Stack Overflow is a community of 4.7 million programmers, just like you, helping each other.

Join them; it only takes a minute:

Sign up
Join the Stack Overflow community to:
  1. Ask programming questions
  2. Answer and help your peers
  3. Get recognized for your expertise

This is tangentially related to an earlier question of mine.

Essentially, the solution in that question worked great, but now I need to adapt it to work in a much larger analysis application. Simply using StreamReader.ReadToEnd() is not acceptable, since some of the files I will be reading in are very, very large. If there's been a mistake and someone forgot to clean up, they can theoretically be gigabytes big. Obviously I can't just read to the end of that.

Unfortunately, the normal read lines is also not acceptable, because some of the rows of data I am reading in contain stack traces - they obviously use /r/n in their formatting. Ideally, I would like to tell the program to read forward until it hits a match for a regex, which it then returns. Is there any functionality to do this in .net? If not, can I get some suggestions for how I'd go about writing it?

Edit: To make it a bit easier to follow my question, here's a paste of some of the important parts of the adapted code:

foreach (var fileString in logpath.Select(log => new StreamReader(log)).Select(fileStream => fileStream.ReadToEnd()))
    const string junkPattern = @"\[(?<junk>[0-9]*)\] \((?<userid>.{0,32})\)";
    const string severityPattern = @"INFO|ERROR|FATAL";
    const string datePattern = "^(?=[0-9]{4}-[0-9]{2}-[0-9]{2} [0-9]{2}:[0-9]{2}:[0-9]{2},[0-9]{3})";
    var records = Regex.Split(fileString, datePattern, RegexOptions.Multiline);
    foreach (var record in records.Where(x => string.IsNullOrEmpty(x) == false))

The problem lies in the Foreach. .Select(fileStream => fileStream.ReadToEnd()) is gonna blow up memory badly, I just know it.

share|improve this question
And there you have one of the main reasons I don't really care for using RegEx for tasks like this. If you wrote a simple parser, you could simply adapt it to handle new lines. – Jonathan Wood Nov 5 '12 at 20:14
@JonathanWood The regexes are awesome for parsing out individual records after I have the entire record. I just pop out all the information I need and it goes straight into the associated fields. The problem is the file input in this case, it seems like it simply isn't flexible enough to give me a single record at a time with the file I've got. But that seems bogus, doesn't it? This cannot be an uncommon problem. – tmesser Nov 5 '12 at 20:18
So a stack trace has /r/n. Why does that eliminate readline? – Paparazzi Nov 5 '12 at 20:18
@Blam Readline will feed in on /r/n, so if a stack trace goes on for 5 lines, I will get that many incomplete records. I could work up a ghetto state machine that searches for the datePattern that always starts a record, but that just swaps one horrible inefficiency for another. – tmesser Nov 5 '12 at 20:22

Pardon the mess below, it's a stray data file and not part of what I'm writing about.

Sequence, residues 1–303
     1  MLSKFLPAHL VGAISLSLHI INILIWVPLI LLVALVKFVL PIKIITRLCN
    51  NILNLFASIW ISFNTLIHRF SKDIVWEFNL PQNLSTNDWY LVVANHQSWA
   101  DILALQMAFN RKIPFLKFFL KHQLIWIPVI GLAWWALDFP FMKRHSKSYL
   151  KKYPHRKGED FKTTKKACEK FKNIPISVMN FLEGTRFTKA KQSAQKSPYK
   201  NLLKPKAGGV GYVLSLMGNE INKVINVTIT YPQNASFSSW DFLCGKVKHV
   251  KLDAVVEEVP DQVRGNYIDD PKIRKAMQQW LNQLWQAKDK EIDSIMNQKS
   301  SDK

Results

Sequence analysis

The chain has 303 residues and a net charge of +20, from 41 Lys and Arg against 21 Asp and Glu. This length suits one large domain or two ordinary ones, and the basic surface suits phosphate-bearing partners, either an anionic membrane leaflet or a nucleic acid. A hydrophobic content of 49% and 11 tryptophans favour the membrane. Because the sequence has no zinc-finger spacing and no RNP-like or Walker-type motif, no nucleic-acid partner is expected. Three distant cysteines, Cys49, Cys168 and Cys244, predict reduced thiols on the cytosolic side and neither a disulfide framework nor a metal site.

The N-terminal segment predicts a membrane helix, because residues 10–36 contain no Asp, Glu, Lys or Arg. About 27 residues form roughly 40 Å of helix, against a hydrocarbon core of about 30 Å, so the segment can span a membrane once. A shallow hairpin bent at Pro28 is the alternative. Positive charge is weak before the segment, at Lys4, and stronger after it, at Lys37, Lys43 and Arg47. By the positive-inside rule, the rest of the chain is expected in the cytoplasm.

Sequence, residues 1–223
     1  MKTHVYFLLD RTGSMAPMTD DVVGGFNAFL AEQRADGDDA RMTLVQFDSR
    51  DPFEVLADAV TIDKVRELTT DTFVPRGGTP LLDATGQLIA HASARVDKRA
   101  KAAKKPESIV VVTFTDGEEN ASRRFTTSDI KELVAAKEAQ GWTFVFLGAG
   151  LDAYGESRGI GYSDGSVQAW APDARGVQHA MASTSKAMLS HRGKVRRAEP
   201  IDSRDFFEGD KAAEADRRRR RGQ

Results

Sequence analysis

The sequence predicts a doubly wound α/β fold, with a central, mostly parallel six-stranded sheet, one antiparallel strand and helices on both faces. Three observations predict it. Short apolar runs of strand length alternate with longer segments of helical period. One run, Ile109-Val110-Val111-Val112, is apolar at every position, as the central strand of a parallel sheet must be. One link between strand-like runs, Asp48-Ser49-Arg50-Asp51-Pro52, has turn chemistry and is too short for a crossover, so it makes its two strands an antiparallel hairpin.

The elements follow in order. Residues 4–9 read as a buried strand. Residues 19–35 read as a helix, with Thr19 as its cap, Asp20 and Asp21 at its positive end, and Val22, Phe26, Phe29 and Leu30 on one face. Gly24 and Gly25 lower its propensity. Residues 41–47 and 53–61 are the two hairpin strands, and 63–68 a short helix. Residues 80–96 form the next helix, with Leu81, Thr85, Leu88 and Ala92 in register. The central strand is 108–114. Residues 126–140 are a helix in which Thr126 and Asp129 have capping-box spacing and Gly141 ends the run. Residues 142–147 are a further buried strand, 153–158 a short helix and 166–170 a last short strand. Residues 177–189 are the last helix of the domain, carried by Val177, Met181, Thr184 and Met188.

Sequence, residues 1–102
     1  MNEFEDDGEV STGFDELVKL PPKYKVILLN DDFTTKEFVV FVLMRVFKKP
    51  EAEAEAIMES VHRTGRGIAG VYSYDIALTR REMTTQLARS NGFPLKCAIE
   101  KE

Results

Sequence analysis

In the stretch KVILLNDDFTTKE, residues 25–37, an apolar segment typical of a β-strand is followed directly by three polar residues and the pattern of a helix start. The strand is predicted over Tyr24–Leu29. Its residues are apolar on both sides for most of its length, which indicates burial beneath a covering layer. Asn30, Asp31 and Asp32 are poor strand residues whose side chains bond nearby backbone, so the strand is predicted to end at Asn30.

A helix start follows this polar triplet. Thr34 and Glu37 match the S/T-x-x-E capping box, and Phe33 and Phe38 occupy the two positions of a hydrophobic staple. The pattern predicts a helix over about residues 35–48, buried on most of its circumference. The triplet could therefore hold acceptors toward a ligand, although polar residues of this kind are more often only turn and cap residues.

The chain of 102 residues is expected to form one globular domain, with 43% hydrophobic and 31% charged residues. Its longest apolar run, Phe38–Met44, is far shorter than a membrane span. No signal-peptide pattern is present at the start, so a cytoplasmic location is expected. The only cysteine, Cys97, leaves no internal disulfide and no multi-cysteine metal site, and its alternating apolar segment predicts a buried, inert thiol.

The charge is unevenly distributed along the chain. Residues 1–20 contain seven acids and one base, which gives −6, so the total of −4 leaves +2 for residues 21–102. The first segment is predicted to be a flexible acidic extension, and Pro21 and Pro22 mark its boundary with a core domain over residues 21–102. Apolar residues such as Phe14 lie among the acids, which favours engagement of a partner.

I think that collecting ReadLine output into a list until Regex.Match(currentLine, datePattern) returns true sounds like a "good enough" solution – pkmiec Nov 5 '12 at 20:22
up vote 1 down vote accepted

First off all, you should move your const definition to class declaration - the compiler will do that for you, but this should be done by yourself, just for better code readability.

As @Blam mentioned, you should use StringBuilder and StreamReader.ReadLine in pair, something like this:

foreach(var filePath in logpath)
    var sbRecord = new StringBuilder();
    using(var reader = new StreamReader(filePath))
            var line = reader.ReadLine();
            // check start of the new record lines
            if (Regex.Match(line, datePattern) && sbRecord.Length > 0)
                // your method for log record
            // if no lines were added or datePattern didn't hit
            // append info about current record
        } while (!reader.EndOfStream)

If I didn't understand something about your problem, please clarify this in comment.
Also, you can use ThreadPool for schedule the tasks for your lines, just for speed of your application.

share|improve this answer
I ended up coding my own solution that deals with the stream on a low-level basis, since I felt it was absolutely absurd that I couldn't parse a text stream a standardized token. However, for basically anyone else this is more or less what you have to do. – tmesser Nov 9 '12 at 17:34
@YYY May be you can provide your code here, just for the record? I think this would be interesting. – VMAtm Nov 9 '12 at 18:17
As much as I would love doing that, it is going to become part of some banking software soon and is therefore proprietary. That said, when I get a few days off work one of the things on my agenda is to make an open source version and add it to my github, so I can expand the solution. As it stands right now I basically read in a fixed number of bytes and keep a file position, which works great in the context of our project but isn't a good generalized solution. That ambition will be continued once I duplicate/sanitize my initial work and add it to github. – tmesser Nov 9 '12 at 18:35

Your Answer


By posting your answer, you agree to the privacy policy and terms of service.

Not the answer you're looking for? Browse other questions tagged or ask your own question.